President Trump’s remarks after last week’s violence in Charlottesville fit a pattern that goes back decades. From his first public controversy in the 1970s and continuing through his 2016 presidential campaign, he has regularly fanned the flames of racial controversies.
Condemnations from business leaders, representing all corners of American industry, were striking for the ways they personally critiqued the president for failing to attempt to unify the country in the wake of the violence in Charlottesville.
The uproar over Trump’s equating of white nationalists and counterprotesters underscored the challenges that even a four-star general such as John Kelly faces in instilling order around the president, whose first instinct when cornered is to lash out.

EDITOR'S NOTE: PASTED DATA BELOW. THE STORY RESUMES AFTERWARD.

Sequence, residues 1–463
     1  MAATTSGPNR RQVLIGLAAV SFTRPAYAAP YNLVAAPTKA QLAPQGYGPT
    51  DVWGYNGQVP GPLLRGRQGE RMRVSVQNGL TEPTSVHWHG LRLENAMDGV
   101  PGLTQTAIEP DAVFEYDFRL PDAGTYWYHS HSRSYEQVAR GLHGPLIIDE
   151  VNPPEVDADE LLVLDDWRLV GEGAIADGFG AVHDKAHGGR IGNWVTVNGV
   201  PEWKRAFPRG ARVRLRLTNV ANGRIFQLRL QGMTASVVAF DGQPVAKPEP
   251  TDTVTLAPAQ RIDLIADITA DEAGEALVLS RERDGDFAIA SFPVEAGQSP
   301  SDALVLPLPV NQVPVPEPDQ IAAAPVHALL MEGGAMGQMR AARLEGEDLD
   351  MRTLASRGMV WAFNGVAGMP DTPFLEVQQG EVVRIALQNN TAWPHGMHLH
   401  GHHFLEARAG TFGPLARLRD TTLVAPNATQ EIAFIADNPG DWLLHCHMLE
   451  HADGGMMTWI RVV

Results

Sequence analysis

Boston laid down strict conditions for an upcoming rally and counterprotest. California lawmakers called for the revocation of a permit for an upcoming rally on federal park land. And other cities are grappling with what to do about their Confederate monuments.
A crackdown by tech giants on “alt-right” content has heightened concerns over how those companies are becoming arbiters of free speech. In response, right-wing technologists are building parallel digital services for their own movement.
After the attorney general threatened to withhold federal police grants if the city does not change, Chicago Mayor Rahm Emanuel responded that the Trump administration is "wrong morally, wrong factually and wrong legally."
Parents of the thousands of children stolen and sold for adoption every year face a nightmare of official indifference and often worse from Chinese authorities who treat them as a nuisance and a threat to “social stability.”